Sunday, December 23, 2012 | Categories: Documentaries |
(Photo Pin / Sebastian Bergmann)
Queen of Heaven. Mother of Mercy. Blessed Madonna. She is the most famous mother in western history.
The Virgin Mary. The Bible has little to say about her. No grand titles. She is simply Mary, mother of Jesus.
But for centuries the faithful have given praise, offered prayers, sought her comfort and petitioned for her help.
Artists from Raphael to Botticelli to Leonardo Da Vinci have found inspiration in Mary. Most famously, there is Michelangelo's powerful and poignant Pietà, Mary cradling the limp body of her crucified son. And, of course there is music. Beautiful music. All celebrating the gentle, loving archetype.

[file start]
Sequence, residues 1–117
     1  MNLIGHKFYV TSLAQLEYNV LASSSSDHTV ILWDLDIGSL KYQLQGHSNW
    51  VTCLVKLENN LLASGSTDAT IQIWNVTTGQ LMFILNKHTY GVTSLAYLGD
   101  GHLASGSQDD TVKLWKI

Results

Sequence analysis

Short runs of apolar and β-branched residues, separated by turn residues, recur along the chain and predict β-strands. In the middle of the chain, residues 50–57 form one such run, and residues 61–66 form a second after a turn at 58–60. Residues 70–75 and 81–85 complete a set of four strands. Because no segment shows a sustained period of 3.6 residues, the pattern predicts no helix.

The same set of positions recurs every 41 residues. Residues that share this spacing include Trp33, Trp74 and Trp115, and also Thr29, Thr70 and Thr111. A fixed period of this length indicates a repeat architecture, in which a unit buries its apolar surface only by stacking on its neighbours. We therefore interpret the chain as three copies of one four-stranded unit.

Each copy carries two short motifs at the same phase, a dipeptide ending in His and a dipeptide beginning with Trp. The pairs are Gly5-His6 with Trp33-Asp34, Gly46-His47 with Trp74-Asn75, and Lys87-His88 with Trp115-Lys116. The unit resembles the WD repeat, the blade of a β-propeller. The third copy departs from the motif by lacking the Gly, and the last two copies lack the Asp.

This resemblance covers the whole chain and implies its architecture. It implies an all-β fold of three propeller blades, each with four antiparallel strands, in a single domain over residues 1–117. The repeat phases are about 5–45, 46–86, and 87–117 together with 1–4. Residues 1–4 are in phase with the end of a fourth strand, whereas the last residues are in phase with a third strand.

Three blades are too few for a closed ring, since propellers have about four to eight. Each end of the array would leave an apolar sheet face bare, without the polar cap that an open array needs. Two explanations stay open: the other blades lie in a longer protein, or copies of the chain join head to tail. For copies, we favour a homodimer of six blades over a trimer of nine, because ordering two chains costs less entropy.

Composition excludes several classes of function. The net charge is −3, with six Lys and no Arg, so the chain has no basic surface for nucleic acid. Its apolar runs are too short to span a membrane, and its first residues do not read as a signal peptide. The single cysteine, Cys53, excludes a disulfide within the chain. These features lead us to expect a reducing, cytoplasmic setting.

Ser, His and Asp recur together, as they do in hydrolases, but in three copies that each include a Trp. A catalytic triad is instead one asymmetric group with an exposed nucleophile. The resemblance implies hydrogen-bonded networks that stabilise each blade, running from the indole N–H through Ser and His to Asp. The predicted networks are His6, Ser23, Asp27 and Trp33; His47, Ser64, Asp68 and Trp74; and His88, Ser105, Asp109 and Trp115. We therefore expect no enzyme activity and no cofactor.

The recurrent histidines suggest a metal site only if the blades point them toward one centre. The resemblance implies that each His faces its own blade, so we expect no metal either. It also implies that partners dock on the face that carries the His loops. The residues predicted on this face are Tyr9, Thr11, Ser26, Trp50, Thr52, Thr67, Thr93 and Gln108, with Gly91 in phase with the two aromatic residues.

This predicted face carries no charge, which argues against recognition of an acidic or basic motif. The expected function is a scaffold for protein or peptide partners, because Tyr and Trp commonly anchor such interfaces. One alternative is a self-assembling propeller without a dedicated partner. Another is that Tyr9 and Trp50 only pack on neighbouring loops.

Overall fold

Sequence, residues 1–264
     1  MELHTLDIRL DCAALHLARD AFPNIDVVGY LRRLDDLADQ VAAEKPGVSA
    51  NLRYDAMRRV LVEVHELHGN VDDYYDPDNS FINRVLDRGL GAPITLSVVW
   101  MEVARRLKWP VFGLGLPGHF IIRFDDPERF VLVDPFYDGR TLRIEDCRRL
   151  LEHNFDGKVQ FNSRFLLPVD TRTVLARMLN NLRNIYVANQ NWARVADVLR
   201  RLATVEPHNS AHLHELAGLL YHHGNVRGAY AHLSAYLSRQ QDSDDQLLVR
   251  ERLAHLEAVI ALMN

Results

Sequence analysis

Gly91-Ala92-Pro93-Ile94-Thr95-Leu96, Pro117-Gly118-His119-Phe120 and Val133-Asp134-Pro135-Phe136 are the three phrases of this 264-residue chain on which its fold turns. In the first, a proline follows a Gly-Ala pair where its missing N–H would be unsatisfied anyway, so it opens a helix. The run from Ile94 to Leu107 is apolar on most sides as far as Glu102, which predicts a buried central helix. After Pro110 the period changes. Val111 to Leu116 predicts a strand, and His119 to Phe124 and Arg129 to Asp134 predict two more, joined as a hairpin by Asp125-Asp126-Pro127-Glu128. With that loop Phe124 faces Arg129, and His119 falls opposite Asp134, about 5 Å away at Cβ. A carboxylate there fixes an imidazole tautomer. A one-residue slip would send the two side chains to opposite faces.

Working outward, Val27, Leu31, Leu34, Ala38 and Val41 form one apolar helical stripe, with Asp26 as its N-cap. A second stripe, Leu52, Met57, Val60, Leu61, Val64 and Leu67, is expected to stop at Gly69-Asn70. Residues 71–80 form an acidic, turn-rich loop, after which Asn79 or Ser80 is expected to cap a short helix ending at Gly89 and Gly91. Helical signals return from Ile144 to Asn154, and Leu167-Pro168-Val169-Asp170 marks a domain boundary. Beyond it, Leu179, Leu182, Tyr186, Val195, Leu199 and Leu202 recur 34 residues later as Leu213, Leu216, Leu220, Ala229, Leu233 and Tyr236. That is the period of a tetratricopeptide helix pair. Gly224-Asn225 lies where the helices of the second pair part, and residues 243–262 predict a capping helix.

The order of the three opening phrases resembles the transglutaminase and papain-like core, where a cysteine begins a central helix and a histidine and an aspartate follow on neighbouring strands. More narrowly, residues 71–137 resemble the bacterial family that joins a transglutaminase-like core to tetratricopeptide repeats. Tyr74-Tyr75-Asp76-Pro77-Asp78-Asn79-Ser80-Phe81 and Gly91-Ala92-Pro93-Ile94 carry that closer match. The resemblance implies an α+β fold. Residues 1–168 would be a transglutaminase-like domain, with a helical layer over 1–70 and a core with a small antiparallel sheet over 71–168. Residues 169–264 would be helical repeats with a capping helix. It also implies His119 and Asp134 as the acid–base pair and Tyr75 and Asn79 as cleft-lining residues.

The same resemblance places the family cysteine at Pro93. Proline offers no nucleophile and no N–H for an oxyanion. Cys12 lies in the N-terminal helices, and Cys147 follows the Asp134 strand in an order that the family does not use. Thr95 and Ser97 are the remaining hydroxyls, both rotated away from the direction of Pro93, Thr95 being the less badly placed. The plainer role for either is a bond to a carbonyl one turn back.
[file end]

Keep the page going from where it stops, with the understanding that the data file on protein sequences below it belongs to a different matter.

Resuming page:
The bestselling Irish writer Colm Tóibín has imagined a very different Mary. Gone is the tender mother, grief-stricken by her Son's sacrifice, but ready to submit to God's greater design for human salvation.
In Tóibín's new novel The Testament of Mary, he presents a woman who is angry, resentful, and guilt-ridden. Set twenty years after the crucifixion of her son, we meet a Mary now living in exile in Ephesus. She is both protected - and guarded - by two men. Though not named, they are followers of Jesus, busy with the task of writing the Gospels. They seek her corroboration of the "greatest story ever told." She is having none of it.
Frank Faulk's documentary is called, The Testament of Mary.